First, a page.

Integration Tests using a Database and Spring Boot

Author unknown

Integration tests are crucial part in testing most applications. In my experience, some projects even go against the famous pyramid diagram and have more of these, than unit tests. For instance – web systems, where some framework, like Spring Boot, frees us from the burden of implementing input validation, role-based access control, etc. and consequently, good amount of unit testing is done inside the library itself.

When I work on a REST API, I often find that most of acceptance tests, checking various use cases and scenarios, are of integration type. In his article – A Guide to Robust Unit and Integration Tests with JUnit – Joshua Hayden describes how JUnit can be used for writing and running tests. I would like to further it and add more details about testing multiple components of the system.

I like a quote from article by James O Coplien – “Create system tests with good feature coverage (not code coverage) — remembering that proper response to bad inputs or other unanticipated conditions is part of your feature set.”

Let’s assume our project is A REST API for online education system, where user can register, find a course, enroll and submit homework. It would be difficult to test all features of our app without integration tests, as in most cases it would require creating and modifying multiple resources, hence, database access. For instance, to test enrollment, we would need to have a registered and activated user and existing course. In my opinion, mocking a persistence layer for this would be only a waste of time. So, let’s dive in:

To run tests against a database, we have to overcome several challenges:

  • We need a separate DB and corresponding configuration
  • A database should be easy to build from scratch without manual intervention
  • We need isolation for each test or test suite, so they won’t pollute data for other tests.

For the sake of example, I will try to solve them using Spring Boot, however the same idea can be used with other frameworks and technologies.


In-Memory Database vs Production

I’ve often received advice to use in-memory databases for my integration tests, but I’m still very skeptical about it. Even though all popular databases follow some standards, they have lots of vendor-specific features. This is what makes writing a fully portable app difficult. For instance, not only in-memory H2 database might act differently than MySQL, but two versions of MySQL might give different results in some cases. It’s error-prone to consider every detail or a deprecated feature, so, for my tests I always prefer to select exact vendor and version, which is used in production environment. (Container technologies, like Docker, make our lives easy in this decision).

Let’s move on with a real database here and decide on configuring it: If we start up a docker container on every `test` command and destroy it afterwards, we can get away with one DB, but if we also need a persistent database for manual testing, which must not be cleared on every test run, then we’ll need an additional temporary DB. In Spring Boot, we can either create a test/resources/ file with connection url of such database or use a test profile. This might vary among frameworks, but a key thing is to solve the task without manual intervention or commenting out stuff for running tests.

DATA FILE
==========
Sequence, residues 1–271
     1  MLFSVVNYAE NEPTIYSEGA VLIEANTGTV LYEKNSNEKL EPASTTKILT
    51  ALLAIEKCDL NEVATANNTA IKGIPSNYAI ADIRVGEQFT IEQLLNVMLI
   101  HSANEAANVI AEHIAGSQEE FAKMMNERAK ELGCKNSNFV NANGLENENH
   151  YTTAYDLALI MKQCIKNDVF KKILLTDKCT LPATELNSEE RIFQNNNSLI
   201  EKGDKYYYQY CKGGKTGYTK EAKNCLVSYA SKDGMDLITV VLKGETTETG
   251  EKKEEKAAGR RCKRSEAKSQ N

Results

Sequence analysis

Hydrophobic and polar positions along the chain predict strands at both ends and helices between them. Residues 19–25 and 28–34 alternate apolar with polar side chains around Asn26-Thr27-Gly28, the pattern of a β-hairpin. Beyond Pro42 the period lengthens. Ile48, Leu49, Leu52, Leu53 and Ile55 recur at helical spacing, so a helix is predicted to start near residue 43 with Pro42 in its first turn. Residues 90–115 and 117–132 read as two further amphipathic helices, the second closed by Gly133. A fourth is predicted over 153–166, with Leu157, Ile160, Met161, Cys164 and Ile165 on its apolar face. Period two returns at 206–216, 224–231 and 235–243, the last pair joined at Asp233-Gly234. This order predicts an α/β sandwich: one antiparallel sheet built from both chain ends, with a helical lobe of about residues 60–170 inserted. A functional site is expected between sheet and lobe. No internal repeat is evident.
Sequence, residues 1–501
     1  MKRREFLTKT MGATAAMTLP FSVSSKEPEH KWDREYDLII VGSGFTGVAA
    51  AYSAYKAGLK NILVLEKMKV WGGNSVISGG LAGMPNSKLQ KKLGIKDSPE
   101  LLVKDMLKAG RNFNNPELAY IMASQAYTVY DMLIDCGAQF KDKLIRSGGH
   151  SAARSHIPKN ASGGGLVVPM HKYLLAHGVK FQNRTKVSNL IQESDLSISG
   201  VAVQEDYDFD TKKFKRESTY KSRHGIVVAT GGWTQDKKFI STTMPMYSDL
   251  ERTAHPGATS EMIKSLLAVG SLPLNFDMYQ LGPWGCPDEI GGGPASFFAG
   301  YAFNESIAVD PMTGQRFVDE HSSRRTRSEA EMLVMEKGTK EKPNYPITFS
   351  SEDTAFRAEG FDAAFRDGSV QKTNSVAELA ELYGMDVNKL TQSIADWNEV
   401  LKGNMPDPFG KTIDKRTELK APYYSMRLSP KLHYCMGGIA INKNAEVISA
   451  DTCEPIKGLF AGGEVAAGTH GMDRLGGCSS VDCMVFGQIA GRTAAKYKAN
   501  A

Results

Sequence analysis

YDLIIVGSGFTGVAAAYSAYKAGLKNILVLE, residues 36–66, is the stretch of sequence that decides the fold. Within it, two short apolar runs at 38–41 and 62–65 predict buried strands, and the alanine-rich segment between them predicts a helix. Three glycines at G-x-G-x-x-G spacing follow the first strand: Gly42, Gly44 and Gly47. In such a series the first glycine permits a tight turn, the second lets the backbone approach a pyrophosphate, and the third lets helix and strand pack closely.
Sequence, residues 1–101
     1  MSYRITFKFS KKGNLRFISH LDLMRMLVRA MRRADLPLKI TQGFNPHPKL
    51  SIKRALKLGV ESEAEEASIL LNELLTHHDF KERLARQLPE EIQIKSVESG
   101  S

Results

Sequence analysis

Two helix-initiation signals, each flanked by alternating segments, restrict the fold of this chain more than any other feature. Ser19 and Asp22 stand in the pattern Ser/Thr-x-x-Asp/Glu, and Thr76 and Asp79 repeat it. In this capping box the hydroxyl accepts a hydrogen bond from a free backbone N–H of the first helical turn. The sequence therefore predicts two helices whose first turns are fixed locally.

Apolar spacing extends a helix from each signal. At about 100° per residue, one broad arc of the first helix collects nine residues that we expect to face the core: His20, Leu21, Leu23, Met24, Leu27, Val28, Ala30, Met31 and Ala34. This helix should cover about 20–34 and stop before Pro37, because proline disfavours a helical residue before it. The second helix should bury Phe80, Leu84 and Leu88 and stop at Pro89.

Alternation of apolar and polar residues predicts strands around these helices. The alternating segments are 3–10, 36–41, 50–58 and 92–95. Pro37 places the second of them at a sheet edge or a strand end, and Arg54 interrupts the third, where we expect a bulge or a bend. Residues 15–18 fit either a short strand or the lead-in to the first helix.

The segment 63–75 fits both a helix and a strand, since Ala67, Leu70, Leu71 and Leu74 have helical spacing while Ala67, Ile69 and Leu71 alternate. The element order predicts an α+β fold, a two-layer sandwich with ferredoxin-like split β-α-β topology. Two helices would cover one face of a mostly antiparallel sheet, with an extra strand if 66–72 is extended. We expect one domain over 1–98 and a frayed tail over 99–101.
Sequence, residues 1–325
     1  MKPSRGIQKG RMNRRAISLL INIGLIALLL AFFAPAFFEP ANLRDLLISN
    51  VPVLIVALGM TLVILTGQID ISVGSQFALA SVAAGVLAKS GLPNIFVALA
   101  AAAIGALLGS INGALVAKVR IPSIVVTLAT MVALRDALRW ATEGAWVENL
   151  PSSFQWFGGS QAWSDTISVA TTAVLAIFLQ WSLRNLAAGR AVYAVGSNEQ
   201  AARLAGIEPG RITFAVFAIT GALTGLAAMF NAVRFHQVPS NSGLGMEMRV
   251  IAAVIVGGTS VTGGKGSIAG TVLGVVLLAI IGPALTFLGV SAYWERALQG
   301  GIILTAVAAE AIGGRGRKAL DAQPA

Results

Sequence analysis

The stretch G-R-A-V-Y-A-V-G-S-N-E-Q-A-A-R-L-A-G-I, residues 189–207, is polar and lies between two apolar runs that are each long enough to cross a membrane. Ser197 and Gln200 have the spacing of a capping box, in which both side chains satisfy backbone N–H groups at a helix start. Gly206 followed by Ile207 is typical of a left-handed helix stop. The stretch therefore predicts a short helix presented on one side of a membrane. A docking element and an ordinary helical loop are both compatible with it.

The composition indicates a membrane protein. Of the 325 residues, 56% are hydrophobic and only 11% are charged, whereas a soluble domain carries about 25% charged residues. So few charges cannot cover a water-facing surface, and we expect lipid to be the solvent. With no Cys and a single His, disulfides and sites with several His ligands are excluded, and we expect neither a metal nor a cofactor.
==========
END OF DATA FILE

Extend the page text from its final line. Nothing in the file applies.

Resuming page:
Rebuilding a Database

To build a database from scratch, one can have a SQL script of structure exported from a DB. But I prefer to go with a nice method, called Database Migrations. This enables us to have a versioning of a database and application code in sync. It also makes rebuilding a DB very easy.
You can also learn about database migrations from this article: Database Migrations: Turning Caterpillars into Butterflies


Isolated Tests

Test isolation is good for several reasons: they can be run in parallel and in case database is updated, they can be safe from breaking each others’ data. On the internet you might find a suggestion to use transactions for such tests, which won’t be committed and will be rolled back after test completion. In Spring boot this can be achieved by adding @Transactional annotation on a test method.

I don’t like this solution, because if we actually use transactions inside our business logic, we’ll end up with nested transactions, which might have unexpected results in corner cases. Also I find it very helpful that by running some tests I can quickly populate database with various scenarios and continue manual testing or debugging using persisted data.

Generally, I prefer to do it this way: Dropping and rebuilding the database before running each test is an expensive operation. It might be better to rebuild it with migrations only once before starting testing, so migration scripts will also be tested. Then, I use plain sql to truncate tables before a test.

One of the ways for achieving this:

Add a configuration class, which will run once before all tests and reset migrations there (Flyway is a plugin for database migrations.)

public class TestConfig {
	public FlywayMigrationStrategy clean() {
		return flyway -> {

Add sql script of truncate as an annotation in a base class for integration tests. This will be run before each test method.

@Sql(executionPhase = ExecutionPhase.BEFORE_TEST_METHOD, 
	scripts = "classpath:ge/demo/api/sql/beforeTest.sql")

Sometimes, it might be reasonable to group several tests in a test suite and reset database only before a suit and not a single test.



Leave a Reply

Your email address will not be published. Required fields are marked *